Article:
Grab your FREE copy of the 60 Low & No Cost PR & Marketing Strategies eBook*

Name:

Email:

*By submitting your email, you will receive the eBook & also sign-up for Carol’s newsletter
Business Unplugged™
This blog features Carol Roth's tough love on business and entrepreneurship, as well as insights from Carol's community of contributors.

How to Get a Free Lunch

Written By: Carol Roth | No Comments

You’ve clearly heard the saying, “There’s no such thing as a free lunch”.  Well, on my recent trip to Maui, I saw how one businessman got himself a free lunch every day and how giving away a free lunch benefitted that restaurant.

On our holiday, one of the activities that we participated in was biking down the majority of Haleakalā, a 10,000 foot dormant volcano.  Our bike leader took a group of about 10 of us on the hour and a half or so ride and afterwards, shepherded us to a local restaurant in Paia, the location where the ride ended.

As we got to the counter to order our lunch, my husband and I offered to pay for our guide’s lunch.  He said not to worry, that he got lunch there for free.  As I immediately understood the tradeoff, I pressed for more information, and as suspected, the guide brings new groups of bike riders (aka tourists with money) to this local establishment each day. In return, he gets a free lunch.  This is a win-win situation for both entities.

For the restaurant, this is a steady stream of 10 customers, who would otherwise not eat there, guaranteed every day. Their acquisition cost is very low.  Let’s say the average check was $10 for the lunch, that’s $100 of incremental business each day. The cost for that is a lunch. Even at the same $10 check, the cost of food in a restaurant is only about 30%, so that means the cost for them to acquire each $100 is a paltry $3, a completely worthwhile sum.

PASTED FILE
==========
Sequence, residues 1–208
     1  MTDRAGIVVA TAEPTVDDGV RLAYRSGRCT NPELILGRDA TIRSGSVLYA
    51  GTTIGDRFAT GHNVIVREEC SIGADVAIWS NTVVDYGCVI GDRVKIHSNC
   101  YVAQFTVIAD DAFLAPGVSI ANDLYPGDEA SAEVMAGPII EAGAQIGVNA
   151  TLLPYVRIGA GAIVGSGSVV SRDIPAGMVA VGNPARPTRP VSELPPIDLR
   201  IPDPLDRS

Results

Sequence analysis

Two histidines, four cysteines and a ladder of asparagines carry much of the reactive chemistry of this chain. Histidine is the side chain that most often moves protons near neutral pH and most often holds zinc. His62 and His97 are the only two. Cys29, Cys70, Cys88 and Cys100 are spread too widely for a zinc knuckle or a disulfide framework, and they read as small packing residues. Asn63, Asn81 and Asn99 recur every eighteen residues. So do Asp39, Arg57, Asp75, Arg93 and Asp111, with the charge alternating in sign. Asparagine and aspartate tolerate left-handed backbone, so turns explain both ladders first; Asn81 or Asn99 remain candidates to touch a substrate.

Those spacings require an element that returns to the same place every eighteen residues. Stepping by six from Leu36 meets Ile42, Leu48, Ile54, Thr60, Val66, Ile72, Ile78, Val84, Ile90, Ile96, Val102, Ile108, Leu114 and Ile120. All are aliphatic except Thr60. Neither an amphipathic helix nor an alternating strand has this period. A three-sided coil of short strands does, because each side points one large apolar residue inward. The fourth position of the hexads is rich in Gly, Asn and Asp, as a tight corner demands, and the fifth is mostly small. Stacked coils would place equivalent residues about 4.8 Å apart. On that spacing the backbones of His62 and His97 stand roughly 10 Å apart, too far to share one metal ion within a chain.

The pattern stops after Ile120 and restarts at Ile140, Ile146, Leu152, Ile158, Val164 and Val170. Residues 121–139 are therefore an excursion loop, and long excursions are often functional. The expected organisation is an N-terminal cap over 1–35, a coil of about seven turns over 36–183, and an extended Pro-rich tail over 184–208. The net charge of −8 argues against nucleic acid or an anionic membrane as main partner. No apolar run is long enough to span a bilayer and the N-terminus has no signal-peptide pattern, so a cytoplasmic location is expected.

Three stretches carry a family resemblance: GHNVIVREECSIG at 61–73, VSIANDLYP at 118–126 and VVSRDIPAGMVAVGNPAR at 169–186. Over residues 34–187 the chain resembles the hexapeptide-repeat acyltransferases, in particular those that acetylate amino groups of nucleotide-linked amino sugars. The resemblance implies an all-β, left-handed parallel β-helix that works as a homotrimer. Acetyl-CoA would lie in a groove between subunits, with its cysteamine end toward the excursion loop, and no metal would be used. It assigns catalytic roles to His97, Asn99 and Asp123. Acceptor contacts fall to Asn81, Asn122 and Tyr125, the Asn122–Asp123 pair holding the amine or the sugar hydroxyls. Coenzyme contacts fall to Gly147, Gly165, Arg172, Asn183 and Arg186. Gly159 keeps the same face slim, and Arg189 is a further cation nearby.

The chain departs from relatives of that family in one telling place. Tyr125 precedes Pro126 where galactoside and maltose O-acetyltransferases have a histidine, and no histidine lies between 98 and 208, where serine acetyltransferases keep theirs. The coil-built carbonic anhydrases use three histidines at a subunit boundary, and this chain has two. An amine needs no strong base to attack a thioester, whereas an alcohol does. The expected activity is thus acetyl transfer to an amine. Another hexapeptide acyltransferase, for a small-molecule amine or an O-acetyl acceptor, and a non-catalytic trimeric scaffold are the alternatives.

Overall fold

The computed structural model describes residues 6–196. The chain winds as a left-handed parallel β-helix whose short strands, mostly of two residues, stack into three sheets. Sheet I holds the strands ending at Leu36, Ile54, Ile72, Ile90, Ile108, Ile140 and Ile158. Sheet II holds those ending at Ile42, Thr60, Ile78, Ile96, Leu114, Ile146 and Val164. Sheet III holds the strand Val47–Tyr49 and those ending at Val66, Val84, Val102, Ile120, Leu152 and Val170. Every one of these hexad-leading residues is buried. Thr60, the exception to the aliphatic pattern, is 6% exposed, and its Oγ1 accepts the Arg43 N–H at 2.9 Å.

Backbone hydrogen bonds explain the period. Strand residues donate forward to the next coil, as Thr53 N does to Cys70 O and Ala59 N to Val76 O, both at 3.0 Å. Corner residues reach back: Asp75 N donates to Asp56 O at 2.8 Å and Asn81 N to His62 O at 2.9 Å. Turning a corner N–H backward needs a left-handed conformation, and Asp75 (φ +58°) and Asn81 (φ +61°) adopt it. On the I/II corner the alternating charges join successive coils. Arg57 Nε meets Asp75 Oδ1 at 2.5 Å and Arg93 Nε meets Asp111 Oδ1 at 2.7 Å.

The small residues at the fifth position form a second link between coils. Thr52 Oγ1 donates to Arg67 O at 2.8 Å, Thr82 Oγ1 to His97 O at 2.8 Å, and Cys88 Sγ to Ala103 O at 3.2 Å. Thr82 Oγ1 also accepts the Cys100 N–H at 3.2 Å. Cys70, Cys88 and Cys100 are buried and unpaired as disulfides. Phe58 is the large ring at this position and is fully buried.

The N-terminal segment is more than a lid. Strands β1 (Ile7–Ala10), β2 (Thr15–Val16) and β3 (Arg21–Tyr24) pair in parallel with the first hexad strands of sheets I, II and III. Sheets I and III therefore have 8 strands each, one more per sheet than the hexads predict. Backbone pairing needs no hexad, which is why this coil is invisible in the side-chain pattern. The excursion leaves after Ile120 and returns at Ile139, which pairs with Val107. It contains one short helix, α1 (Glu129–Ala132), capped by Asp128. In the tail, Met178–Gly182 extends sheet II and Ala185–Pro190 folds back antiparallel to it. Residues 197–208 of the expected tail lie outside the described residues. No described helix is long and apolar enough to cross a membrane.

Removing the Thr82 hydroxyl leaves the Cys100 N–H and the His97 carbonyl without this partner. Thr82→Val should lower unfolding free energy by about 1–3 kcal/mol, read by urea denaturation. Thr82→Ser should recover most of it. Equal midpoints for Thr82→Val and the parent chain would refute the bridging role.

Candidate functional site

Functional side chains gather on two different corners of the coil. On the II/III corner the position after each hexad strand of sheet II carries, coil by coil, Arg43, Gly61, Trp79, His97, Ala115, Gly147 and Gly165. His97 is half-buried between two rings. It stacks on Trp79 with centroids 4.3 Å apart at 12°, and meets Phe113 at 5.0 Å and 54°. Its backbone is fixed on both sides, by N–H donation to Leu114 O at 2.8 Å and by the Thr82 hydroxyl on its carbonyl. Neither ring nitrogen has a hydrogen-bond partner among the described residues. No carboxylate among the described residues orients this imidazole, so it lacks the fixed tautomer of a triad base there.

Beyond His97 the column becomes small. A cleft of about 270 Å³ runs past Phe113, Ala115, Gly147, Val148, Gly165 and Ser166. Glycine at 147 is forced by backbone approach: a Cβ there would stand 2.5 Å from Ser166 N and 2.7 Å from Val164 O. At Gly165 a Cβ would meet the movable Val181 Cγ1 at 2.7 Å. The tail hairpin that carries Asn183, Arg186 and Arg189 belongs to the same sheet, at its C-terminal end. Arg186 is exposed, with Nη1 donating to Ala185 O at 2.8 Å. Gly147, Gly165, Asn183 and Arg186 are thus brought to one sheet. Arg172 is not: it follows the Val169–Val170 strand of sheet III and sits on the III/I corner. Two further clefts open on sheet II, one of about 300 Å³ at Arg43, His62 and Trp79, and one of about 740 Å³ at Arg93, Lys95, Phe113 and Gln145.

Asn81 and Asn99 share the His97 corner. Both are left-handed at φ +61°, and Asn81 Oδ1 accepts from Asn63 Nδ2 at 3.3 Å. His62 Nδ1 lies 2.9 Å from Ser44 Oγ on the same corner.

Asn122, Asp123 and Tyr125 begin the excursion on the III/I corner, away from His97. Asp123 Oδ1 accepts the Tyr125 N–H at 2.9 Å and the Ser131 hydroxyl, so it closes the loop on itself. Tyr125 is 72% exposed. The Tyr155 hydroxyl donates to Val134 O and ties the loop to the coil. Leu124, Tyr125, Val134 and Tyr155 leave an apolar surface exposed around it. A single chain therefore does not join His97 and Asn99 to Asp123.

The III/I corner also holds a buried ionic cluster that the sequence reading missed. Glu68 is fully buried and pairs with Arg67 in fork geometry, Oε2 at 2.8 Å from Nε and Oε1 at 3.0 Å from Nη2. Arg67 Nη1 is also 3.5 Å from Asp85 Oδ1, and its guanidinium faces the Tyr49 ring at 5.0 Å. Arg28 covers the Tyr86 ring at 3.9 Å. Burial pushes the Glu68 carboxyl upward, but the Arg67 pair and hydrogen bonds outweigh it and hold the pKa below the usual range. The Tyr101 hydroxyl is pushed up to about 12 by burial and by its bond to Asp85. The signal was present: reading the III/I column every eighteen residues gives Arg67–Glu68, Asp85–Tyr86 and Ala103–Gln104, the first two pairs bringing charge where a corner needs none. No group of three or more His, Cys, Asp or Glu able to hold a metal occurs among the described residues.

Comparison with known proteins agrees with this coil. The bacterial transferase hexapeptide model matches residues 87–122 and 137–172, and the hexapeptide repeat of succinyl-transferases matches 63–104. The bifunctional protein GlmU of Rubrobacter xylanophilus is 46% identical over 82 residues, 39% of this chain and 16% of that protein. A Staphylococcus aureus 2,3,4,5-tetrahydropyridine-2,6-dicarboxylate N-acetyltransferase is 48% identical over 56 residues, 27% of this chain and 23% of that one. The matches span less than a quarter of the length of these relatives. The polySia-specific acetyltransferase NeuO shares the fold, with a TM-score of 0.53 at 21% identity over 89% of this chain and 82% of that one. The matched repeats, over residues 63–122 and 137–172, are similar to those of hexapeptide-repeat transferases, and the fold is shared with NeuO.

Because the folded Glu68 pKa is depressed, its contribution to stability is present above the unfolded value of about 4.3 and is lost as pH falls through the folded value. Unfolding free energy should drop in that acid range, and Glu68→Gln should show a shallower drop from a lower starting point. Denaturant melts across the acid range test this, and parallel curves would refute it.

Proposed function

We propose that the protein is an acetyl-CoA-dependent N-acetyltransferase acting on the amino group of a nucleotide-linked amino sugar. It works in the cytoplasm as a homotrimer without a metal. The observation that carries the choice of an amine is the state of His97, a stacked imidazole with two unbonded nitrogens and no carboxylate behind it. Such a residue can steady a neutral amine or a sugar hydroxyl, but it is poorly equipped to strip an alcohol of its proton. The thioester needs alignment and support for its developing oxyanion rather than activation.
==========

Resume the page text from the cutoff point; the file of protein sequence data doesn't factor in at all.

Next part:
For the tour guide, this is a great business maneuver as well.  He has to eat lunch anyways, so why not get someone else to pay for it (I can guarantee you that he’s not claiming it as income and by getting it for free, he actually gets more true value, as he doesn’t have to use his taxable wages to pay for it himself)?  Plus, having the food adds value to the tour.  It’s a long tour, so letting folks go home hungry would make the biking less desirable, plus we got to see a cute local establishment.  Not to mention having a longer tour justifies the high price tag of the tour (even though the lunch is paid for by the tourists).

So, how can you get or give a free lunch (or equivalent product or service) in your business efforts?  If you offer goods and services, who do you know that has access to your target customer and that you can incentivize to bring them by?  If you are a massage therapist, is there a concierge that you can do a trade with or a doctor’s office that can make recommendations to send customers your way?  On the other side, if you have access to customers, is there a logical product or service that they need that you can shepherd them to and get an extra benefit for yourself?

Start thinking about how you can get (or give) a free lunch.

Speaking of lunch, as a side note: if you go to Hawaii, I would tread carefully with the hamburgers.  Cows there are grass fed and therefore, the burgers taste totally different than the corn fed cow burgers we are used to on the mainland (especially this girl from the Midwest)!

Article written by
Carol Roth is a national media personality, ‘recovering’ investment banker, investor, speaker and author of the New York Times bestselling book, The Entrepreneur Equation. She is a judge on the Mark Burnett (Shark Tank, The Voice, Survivor, The Apprentice) produced technology competition series, America's Greatest Makers, airing on TBS and Host of Microsoft's Office Small Business Academy show. Previously, Carol was the host and co-producer of The Noon Show, a current events talk show on WGN Radio, one of the top stations in the country, and a contributor to CNBC, as well as a frequent guest on Fox News, CNN, Fox Business and other stations. Carol's multimedia commentary covers business and the economy, current events, politics and pop culture topics. Carol has helped her clients complete more than $2 billion in capital raising and M&A transactions. She is a Top 100 Small Business Influencer (2011-2015) and has her own action figure. Twitter: @CarolJSRoth